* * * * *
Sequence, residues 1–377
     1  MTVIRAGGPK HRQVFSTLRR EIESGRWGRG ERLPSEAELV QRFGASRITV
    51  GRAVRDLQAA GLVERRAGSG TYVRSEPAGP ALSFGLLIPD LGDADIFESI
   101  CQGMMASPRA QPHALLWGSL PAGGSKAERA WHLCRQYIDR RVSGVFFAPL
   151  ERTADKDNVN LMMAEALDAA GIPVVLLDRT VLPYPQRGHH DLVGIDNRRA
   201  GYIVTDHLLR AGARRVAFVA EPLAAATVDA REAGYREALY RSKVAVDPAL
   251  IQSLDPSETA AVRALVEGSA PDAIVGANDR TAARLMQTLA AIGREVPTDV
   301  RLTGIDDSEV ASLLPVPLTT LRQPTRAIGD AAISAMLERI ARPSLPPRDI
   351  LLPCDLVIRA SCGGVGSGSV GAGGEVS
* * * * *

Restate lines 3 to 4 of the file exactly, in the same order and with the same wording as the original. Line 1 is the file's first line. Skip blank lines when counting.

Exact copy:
    51  GRAVRDLQAA GLVERRAGSG TYVRSEPAGP ALSFGLLIPD LGDADIFESI
   101  CQGMMASPRA QPHALLWGSL PAGGSKAERA WHLCRQYIDR RVSGVFFAPL